UNITED STATES OF AMERICA, Plaintiff-Appellee, v. HILARY M. BECK, aka HILLARY M. BECK, Defendant-Appellant., UNITED STATES COURT OF APPEALS FOR THE SIXTH CIRCUIT, Filed: September 1, 2005
UNITED STATES OF AMERICA, Plaintiff-Appellee, v. HILARY M. BECK, aka HILLARY M. BECK, Defendant-Appellant.
UNITED STATES COURT OF APPEALS FOR THE SIXTH CIRCUIT
Filed: September 1, 2005
Case No. 04-6494
NOT RECOMMENDED FOR FULL-TEXT PUBLICATION
ON APPEAL FROM THE UNITED STATES DISTRICT COURT FOR THE EASTERN DISTRICT OF KENTUCKY
BEFORE: BATCHELDER and GRIFFIN, Circuit Judges; GADOLA * , District Judge.
* ═ The Honorable Paul V. Gadola, United States District Judge for the Eastern District of Michigan, sitting by designation.
ALICE M. BATCHELDER, Circuit Judge . Defendant-Appellant Hilary M. Beck appeals the sentence imposed after he pled guilty to one count of failing to file a tax return in violation of 26 U.S.C. ╖ 7203. Specifically, Beck argues that the magistrate judge erred by sentencing him under the mandatory guidelines system in place at the time of his sentencing and in denying his motion for a downward departure under U.S.S.G. ╖ 5H1.4 and/or U.S.S.G. ╖ 5K2.0. We conclude that the sentencing order must be VACATED and the matter REMANDED for re-sentencing.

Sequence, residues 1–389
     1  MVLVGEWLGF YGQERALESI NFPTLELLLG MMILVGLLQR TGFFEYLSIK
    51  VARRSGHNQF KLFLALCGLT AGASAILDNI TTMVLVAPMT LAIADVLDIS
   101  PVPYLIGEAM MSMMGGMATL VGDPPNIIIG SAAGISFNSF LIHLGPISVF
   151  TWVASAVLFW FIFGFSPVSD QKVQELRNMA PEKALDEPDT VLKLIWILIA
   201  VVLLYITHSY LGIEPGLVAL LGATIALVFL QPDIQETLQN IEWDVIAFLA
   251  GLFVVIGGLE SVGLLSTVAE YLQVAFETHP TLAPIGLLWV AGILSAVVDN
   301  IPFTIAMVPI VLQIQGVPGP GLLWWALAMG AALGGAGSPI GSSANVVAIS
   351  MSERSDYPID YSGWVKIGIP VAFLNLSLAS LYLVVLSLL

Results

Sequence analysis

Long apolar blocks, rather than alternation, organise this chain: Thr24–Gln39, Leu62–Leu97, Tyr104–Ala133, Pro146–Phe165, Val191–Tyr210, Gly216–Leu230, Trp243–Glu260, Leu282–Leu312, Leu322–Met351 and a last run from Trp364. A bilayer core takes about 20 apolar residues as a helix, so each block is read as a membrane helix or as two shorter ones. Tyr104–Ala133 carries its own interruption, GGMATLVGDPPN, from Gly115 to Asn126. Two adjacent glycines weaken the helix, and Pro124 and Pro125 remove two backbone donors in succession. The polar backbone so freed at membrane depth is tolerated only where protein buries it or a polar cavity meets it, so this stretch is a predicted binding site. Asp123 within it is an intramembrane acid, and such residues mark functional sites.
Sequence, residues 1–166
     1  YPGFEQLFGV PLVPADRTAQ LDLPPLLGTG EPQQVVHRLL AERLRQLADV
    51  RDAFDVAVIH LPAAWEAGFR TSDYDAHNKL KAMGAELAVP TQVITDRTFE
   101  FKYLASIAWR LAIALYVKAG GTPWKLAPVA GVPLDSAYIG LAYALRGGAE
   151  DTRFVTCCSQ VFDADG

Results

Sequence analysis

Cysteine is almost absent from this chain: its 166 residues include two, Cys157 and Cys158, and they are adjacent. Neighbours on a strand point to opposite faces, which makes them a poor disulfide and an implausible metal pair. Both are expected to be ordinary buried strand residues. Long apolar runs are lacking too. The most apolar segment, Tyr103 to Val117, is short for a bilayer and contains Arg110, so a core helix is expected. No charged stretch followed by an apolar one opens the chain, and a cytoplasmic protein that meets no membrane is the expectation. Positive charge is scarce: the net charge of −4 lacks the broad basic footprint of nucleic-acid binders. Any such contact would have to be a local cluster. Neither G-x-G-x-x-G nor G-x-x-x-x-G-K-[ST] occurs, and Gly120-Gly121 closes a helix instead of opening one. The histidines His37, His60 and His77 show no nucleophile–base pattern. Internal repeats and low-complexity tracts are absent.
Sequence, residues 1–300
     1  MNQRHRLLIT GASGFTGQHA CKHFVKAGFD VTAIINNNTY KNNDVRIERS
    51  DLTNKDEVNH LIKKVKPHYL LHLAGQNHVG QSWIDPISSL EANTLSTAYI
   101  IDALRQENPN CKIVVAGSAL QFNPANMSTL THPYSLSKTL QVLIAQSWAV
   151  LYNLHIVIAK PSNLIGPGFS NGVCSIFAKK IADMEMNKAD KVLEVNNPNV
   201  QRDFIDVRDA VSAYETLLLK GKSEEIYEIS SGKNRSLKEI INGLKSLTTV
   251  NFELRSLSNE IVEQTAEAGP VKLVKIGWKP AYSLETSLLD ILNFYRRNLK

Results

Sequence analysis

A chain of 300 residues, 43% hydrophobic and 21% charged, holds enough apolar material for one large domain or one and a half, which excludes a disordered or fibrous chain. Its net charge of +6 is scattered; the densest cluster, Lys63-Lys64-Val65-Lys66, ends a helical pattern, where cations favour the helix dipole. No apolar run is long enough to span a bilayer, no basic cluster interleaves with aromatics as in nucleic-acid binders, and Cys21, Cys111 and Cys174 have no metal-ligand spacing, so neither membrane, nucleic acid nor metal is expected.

On September 12, 1994, personnel with the Examination Division of the Internal Revenue Service ("IRS") began investigating Beck, a self-described tax protestor who believes that income taxes are illegitimate. In the ensuing investigation the IRS determined that he had failed to file tax returns for the years 1990, 1991, 1992, and 1993. The IRS therefore prepared substitute returns based on income information received from Beck's employers. On December 2, 1996, personnel with the Collection Division of the IRS contacted Beck and began efforts to collect the tax assessments against him. Beck responded by sending the agents a letter describing his personal interpretation of the relevant tax statutes and explaining his philosophy of protesting the tax laws. Over the course of the next few years, agents from the Collection Division continued to investigate Beck. This investigation, initially aimed at collecting delinquent taxes, culminated in August 2000 in an investigation by the Criminal Investigation Division of the IRS, which determined that Beck had failed to file income tax returns for the years 1990 through and including 2002.